‘Someone likes us’ Russian Ultras love Millwall..

GANGS of Russian hooligans are terrorising England fans at Euro 2016 – but it turns out they really like Millwall.

Russian-Ultras-Love-Millwall-LionsBRAVE: Millwall fans allegedly pictured in the Russian end at the Stade Veldrome

The gangs of seemingly trained, drugged up, and organised Ultras have become the terror of France this year – so much so their team risk being booted out the tournament.

England fans have been left battered and bruised, following waves of guerilla attacks and battles with the Moscow maniacs.

But in the midst of their reign of terror, Daily Star Online can exclusively reveal the Russians’ love affair with notorious London side Millwall.

“Truly British hooligans, not the singing clowns”

Russian fan

MILLWALL-NO-ONE-LIKES-USFANS: Someone likes Millwall as the Russian fans reveal their passion for the club

A picture on social media appeared to show a group of Millwall fans proudly flying their St George’s cross in the Russian end during the face off between England and Vlad’s lads.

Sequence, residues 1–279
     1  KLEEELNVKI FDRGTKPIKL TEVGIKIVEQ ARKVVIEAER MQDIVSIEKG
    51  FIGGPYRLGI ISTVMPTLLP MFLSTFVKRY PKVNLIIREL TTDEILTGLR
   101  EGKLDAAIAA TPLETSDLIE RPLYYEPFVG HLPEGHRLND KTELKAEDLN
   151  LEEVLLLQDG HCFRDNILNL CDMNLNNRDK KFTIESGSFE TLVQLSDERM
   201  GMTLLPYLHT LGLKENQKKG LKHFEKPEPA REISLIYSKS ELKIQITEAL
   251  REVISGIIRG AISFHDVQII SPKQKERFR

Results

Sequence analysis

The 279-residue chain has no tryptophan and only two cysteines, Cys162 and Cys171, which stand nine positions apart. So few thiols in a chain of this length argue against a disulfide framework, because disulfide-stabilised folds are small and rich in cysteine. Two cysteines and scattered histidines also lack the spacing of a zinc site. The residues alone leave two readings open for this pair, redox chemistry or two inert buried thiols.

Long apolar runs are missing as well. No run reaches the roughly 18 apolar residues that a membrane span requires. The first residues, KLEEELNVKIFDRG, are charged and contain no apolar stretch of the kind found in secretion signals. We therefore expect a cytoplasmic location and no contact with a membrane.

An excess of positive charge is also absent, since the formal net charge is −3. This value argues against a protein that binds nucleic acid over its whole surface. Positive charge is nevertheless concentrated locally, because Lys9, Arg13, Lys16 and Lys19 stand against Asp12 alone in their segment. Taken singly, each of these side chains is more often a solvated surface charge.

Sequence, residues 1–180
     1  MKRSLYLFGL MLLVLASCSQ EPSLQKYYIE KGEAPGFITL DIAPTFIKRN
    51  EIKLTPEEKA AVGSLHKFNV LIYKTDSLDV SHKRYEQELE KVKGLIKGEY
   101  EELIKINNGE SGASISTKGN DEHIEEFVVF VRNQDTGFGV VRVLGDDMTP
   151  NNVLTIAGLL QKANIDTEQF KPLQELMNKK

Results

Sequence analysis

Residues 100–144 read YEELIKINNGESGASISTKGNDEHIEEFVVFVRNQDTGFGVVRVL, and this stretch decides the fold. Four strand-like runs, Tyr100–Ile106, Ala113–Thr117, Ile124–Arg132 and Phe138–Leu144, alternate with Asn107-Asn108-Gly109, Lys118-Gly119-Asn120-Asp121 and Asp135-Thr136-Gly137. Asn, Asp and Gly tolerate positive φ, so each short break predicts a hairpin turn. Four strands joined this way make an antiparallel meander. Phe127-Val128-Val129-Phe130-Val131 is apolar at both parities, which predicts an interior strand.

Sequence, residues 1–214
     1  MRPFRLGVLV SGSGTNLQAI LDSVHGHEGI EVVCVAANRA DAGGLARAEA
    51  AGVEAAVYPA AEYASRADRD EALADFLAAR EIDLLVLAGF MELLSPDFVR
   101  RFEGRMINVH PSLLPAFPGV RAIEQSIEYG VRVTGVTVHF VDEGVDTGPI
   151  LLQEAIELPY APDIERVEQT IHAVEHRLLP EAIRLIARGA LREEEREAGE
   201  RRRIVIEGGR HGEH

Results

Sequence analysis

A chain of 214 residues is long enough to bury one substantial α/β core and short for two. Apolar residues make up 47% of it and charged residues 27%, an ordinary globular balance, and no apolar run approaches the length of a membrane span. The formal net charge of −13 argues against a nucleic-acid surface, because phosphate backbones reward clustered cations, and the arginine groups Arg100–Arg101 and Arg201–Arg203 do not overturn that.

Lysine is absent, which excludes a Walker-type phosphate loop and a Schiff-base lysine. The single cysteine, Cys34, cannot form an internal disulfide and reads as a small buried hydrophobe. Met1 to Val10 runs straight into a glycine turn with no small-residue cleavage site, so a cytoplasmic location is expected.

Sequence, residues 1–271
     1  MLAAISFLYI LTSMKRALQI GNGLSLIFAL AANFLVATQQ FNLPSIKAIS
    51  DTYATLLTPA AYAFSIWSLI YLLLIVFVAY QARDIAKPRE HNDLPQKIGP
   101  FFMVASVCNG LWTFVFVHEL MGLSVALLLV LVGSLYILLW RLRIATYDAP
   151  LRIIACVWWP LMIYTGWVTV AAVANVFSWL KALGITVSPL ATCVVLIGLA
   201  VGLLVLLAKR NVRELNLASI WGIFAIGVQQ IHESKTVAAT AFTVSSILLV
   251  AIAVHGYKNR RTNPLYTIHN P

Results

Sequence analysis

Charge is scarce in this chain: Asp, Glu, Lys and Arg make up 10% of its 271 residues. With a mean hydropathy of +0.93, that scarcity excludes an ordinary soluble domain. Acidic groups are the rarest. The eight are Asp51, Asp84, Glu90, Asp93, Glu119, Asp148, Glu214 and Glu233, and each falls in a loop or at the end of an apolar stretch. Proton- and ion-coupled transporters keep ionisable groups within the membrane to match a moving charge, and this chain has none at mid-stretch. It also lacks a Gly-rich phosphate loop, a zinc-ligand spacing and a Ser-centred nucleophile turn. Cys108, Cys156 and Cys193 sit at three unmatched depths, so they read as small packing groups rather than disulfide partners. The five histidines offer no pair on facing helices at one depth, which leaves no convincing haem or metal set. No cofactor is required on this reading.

This was despite a wave of Russian trophy hunting for flags which Brits are now mimicking.

Russian hooligans’ plan to strike at boozing Brits and outfox cops in Marseille was foiled by Millwall fans who stepped in.

The Ruskis revealed their admiration for the Millwall fans hailing them as “truly British hooligans, not the singing clowns”.

Kevin Downey, from Bermondsey, who was caught up in the violence, told the Southwark news: “At one point one of the bars the Russians attacked had seven or eight Millwall supporters inside so they came out and pushed the Russians away.”

A website dedicated to Russian Ultras has even carried an interview with a Millwall fan in the wake of the violence – trying to find out whether the Millwall supporters “respect” them.The fan – who claims he was arrested in Marseille – is probed about what he thinks of the Russians and whether or not he thinks they “fight fair” .The interviewer adds “we respect English guys like you” and hails him as a “good man from Millwall”. 



Source: ‘Someone likes us’ Russian Ultras love Millwall as Lions fans snapped in their end | Daily Star

Millwall Bushwackers

The Millwall Bushwackers are a hooligan firm associated with Millwall F.C.


The original firm associated with Millwall was known as F-Troop.

Millwall LogoThe hooligan firm still exists today. However, the firm is one of the largest out of all countries and teams since the 1980s . This is due in part to ex-Millwall chairman Theo Paphitis’ introduction of a membership scheme following the events outside The New Den on the evening of the Birmingham City play off semi-final in May 2002. Sergeant Russell Lamb of the Metropolitan Police Service, a veteran of the May Day and Poll Tax riots, described this as the worst violence he had ever experienced.

In January 1988, when Millwall were knocked out of the FA Cup by Arsenal in a third round match at Highbury, 41 Millwall hooligans were arrested after clashing with Arsenal’s firm The Herd.